The stepladder 100 of the present invention contemplates having a folding leg 200 at the bottom of the front rails 110 that allows the front rails 110 to spread wider during use of the stepladder 100, but allow the front rails 110 to narrow during storage of the stepladder 100. The spreading and narrowing of the folding leg 200 may be safely accomplished by a single person using just a foot, which allows using both hands to stand the stepladder 100 in an upright position while modifying its orientation.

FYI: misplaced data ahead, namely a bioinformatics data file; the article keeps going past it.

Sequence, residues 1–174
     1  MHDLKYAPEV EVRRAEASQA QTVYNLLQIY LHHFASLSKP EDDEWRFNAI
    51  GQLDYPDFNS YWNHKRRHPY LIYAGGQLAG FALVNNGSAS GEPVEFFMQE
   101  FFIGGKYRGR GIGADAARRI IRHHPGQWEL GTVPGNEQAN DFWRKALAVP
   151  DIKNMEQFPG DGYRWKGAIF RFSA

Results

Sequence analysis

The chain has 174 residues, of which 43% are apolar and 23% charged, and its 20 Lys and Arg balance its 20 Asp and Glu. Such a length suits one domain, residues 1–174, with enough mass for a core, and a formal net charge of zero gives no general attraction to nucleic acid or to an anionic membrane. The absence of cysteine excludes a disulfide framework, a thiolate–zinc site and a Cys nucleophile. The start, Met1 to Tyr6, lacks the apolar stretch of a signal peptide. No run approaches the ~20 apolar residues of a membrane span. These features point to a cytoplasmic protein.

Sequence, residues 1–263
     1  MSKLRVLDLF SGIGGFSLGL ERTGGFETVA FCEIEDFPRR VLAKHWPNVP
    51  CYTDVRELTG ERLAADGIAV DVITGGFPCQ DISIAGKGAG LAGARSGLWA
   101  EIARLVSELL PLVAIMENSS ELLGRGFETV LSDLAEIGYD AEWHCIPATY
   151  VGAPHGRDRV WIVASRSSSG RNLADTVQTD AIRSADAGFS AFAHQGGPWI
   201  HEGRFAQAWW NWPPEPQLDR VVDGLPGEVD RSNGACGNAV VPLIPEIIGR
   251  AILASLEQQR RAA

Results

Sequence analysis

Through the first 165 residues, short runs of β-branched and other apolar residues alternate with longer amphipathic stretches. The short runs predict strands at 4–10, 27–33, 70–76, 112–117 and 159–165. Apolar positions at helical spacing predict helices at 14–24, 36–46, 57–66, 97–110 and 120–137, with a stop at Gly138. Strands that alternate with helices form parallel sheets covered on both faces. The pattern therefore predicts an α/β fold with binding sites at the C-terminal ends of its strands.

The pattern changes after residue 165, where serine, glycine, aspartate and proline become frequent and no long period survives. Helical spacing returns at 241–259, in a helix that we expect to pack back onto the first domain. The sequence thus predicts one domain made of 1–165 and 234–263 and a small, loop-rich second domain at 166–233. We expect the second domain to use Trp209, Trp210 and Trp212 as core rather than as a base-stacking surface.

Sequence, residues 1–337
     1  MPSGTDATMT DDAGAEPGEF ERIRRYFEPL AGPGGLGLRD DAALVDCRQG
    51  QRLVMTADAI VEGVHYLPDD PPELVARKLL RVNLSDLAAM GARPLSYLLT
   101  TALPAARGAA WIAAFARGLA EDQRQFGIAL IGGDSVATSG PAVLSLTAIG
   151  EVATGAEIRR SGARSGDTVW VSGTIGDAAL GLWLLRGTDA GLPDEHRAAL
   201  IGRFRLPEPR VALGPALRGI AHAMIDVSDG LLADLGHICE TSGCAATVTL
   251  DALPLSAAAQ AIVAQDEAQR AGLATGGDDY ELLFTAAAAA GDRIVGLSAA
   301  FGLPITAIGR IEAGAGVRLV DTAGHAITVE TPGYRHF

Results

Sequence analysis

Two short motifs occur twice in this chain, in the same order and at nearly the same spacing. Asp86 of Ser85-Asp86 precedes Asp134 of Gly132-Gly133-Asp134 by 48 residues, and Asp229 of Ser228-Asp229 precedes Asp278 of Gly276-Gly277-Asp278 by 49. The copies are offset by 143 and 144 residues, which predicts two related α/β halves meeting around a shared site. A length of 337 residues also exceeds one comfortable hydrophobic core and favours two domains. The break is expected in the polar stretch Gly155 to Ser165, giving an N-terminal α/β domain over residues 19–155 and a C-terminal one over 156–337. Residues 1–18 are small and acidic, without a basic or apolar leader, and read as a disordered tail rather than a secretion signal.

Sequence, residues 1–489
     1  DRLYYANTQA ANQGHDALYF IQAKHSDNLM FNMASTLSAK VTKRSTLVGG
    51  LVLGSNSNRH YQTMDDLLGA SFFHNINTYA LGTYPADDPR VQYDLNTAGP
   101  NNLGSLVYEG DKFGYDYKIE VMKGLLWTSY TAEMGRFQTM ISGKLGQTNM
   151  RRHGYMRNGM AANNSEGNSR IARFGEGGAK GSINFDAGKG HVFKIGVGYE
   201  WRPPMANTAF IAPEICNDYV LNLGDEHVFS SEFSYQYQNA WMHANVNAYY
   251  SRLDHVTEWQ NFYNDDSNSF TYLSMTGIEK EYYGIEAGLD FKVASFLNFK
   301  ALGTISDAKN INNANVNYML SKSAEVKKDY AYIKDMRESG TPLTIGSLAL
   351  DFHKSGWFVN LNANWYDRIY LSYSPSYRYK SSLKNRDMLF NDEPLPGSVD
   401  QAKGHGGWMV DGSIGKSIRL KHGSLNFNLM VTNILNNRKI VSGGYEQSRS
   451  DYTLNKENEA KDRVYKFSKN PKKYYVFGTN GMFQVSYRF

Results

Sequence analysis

In one embodiment, folding leg 200 comprises rail legs 210 as extensions of the front rails 110. The rail legs 210 are each pivotably attached to their respective rail legs 210 by a leg hinge 220. A moveable step 230 spans between the rail legs 210 to form the bottom step of the stepladder 100. The moveable step 230 is preferably made of two moveable step wings 270, each pivotably attached to a respective rail leg 210 by a moveable step-leg hinge 240 and having a moveable step wing tread surface, and a moveable step center 260, pivotably attached at each end to step wing 270 and having a moveable step wing center tread surface. Hinges 220, 240 may comprise any type of hinge known in the art (bi-fold, butt, offset, overlay, etc.). Other means of allowing the rail legs 210 to pivot and the moveable step wings to pivot other than hinges 220, 240 may be used. For example, a linkage could be used in place of hinges 220, 240. It is also contemplated that a folding leg 200 may be used as an extension of the rear rails 120 of the stepladder.